The Treaty on the Non-Proliferation of Nuclear Weapons, more commonly known as the Non-Proliferation Treaty (NPT), has made the world safer and more prosperous for over fifty years. The NPT, with its three pillars of nonproliferation, disarmament, and peaceful uses of nuclear energy, is the cornerstone of the global nuclear nonproliferation regime.
The Treaty first entered into force in 1970 and was extended indefinitely in 1995. Today, the NPT has become nearly universal, with 191 States Parties. Over the years, the NPT has helped prevent additional states from acquiring nuclear weapons, provided the confidence necessary to facilitate cooperation on the peaceful uses of nuclear energy, and fostered a security environment that has enabled dramatic reductions in nuclear stockpiles and that is essential for future progress on nuclear disarmament.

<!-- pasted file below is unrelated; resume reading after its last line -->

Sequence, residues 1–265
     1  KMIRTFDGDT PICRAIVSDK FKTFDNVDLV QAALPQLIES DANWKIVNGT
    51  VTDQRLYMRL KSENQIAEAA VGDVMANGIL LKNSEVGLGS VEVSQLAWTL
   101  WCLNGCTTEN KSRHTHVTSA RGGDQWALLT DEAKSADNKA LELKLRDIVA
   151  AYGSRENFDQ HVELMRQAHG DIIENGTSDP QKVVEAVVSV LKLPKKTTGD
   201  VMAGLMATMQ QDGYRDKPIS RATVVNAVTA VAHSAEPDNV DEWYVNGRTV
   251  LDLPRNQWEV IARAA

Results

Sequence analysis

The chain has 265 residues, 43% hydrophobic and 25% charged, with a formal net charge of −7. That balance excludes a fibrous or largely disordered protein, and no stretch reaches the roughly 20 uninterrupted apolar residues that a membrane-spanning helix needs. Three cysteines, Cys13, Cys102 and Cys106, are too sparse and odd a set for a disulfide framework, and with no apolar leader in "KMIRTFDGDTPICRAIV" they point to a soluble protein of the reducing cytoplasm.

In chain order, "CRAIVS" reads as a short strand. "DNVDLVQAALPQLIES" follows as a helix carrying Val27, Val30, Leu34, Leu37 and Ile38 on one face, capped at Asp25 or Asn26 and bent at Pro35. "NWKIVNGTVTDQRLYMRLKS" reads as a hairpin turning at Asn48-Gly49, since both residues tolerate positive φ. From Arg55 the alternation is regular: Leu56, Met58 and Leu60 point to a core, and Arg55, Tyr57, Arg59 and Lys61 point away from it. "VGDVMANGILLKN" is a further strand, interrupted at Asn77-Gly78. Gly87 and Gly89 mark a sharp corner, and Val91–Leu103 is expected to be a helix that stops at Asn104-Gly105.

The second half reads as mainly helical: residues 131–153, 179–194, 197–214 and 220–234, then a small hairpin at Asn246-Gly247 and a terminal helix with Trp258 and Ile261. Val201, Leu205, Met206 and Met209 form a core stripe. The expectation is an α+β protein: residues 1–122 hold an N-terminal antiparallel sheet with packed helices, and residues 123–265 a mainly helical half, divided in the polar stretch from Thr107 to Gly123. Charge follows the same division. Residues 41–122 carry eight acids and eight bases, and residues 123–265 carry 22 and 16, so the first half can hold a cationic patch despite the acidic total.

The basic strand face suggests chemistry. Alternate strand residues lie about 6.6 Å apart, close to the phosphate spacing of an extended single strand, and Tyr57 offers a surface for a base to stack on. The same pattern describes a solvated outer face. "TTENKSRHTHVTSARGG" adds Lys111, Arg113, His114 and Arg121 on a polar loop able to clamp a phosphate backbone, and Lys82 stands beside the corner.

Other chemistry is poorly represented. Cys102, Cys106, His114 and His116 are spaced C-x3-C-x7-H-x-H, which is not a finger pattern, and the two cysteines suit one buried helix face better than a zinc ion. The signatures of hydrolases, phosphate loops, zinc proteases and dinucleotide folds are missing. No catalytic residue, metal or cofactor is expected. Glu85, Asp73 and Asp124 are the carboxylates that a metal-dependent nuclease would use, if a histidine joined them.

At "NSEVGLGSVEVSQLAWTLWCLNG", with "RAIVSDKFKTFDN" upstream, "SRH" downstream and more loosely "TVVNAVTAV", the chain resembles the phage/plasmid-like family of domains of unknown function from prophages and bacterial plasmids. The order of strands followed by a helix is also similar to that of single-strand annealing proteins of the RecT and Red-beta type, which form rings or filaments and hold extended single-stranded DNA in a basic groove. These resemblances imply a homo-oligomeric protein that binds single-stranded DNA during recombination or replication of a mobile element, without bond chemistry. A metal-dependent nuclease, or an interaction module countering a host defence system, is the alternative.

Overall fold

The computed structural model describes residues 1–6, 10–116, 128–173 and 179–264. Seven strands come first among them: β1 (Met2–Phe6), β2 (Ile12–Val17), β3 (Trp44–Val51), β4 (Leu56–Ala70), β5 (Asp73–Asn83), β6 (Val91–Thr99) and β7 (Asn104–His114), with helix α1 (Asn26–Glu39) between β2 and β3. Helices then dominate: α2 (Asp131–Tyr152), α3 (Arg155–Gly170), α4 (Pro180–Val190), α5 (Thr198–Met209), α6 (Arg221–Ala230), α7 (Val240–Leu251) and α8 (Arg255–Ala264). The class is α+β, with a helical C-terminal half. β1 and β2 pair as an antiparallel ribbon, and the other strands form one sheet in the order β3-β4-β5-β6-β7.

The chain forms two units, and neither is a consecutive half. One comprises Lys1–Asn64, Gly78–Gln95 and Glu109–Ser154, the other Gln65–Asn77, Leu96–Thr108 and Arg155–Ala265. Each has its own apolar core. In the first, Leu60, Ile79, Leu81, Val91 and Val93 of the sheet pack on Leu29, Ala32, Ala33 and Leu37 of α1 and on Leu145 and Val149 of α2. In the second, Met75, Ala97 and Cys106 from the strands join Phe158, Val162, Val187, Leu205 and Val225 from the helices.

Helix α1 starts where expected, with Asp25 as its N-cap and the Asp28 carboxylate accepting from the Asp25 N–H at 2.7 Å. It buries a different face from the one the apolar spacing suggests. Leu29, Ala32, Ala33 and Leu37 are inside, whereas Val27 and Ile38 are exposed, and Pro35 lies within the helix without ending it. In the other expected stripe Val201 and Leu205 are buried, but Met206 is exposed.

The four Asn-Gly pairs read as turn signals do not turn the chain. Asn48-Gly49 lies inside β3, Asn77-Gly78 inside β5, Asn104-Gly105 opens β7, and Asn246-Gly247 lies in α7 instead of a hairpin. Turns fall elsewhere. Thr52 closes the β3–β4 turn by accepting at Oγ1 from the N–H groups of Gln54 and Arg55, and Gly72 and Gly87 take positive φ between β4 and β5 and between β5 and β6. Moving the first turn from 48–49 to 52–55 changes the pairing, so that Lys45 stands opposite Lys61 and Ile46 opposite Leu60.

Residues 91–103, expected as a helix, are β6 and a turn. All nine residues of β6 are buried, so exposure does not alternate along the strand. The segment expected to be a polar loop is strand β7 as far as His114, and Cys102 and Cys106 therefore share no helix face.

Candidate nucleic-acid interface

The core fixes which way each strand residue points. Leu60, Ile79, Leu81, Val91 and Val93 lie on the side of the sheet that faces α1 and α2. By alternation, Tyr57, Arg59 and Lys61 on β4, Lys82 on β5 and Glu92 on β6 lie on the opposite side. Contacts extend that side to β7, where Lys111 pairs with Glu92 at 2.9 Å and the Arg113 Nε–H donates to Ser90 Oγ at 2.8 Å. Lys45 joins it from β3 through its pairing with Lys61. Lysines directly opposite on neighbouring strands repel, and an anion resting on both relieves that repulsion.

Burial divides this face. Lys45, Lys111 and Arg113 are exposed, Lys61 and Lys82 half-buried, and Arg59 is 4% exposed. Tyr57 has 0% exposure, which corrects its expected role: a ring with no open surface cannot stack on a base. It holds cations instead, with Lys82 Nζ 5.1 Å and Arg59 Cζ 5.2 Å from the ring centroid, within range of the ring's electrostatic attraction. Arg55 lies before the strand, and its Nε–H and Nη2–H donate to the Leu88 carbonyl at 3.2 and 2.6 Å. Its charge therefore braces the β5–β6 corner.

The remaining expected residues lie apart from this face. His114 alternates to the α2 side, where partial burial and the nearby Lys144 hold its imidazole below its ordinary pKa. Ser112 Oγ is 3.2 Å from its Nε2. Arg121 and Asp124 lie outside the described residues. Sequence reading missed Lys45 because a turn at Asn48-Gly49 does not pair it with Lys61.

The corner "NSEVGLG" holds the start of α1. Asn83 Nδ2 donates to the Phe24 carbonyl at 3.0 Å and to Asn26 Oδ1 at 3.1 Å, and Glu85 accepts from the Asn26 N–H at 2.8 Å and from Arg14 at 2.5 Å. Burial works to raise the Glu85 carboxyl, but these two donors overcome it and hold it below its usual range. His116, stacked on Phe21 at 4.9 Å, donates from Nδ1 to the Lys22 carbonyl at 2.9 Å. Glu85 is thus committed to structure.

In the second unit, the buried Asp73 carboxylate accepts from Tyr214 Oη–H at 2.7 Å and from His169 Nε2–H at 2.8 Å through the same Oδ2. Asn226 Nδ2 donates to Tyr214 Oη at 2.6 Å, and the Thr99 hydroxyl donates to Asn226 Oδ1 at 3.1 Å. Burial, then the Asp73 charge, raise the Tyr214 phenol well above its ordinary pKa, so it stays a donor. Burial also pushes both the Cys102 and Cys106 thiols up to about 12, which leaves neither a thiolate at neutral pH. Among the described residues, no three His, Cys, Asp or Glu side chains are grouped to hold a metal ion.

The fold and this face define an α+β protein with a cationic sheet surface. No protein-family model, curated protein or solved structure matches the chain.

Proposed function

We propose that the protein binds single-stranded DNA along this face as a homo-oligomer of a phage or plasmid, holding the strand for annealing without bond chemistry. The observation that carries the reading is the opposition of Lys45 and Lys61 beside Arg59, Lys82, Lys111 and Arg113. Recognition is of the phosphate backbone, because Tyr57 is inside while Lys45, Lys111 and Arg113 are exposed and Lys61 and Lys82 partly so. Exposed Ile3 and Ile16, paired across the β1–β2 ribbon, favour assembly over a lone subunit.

The United States is committed to upholding and strengthening the NPT while restoring U.S. leadership on arms control and nonproliferation. Effective arms control enhances stability, transparency, and predictability while reducing the possibility of costly, dangerous arms races. Working closely with our partners and allies around the world, the United States will address 21st century challenges while preserving and strengthening the Treaty for future generations.
The NPT Review Process
The Treaty allows for the Parties to gather every five years for the NPT Review Conference (RevCon) to review its operation. NPT Preparatory Committee (PrepCom) meetings are held during each of the three years preceding a RevCon.